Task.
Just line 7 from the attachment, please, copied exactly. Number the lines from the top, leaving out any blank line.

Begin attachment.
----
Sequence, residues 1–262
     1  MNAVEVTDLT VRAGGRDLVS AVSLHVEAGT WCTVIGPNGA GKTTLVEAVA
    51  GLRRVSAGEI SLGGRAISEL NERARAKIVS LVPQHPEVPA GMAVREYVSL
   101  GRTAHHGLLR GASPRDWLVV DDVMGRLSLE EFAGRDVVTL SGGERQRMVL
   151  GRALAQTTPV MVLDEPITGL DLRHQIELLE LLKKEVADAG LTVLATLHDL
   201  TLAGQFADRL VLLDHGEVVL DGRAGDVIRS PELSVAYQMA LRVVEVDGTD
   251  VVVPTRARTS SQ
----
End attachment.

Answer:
   251  VVVPTRARTS SQ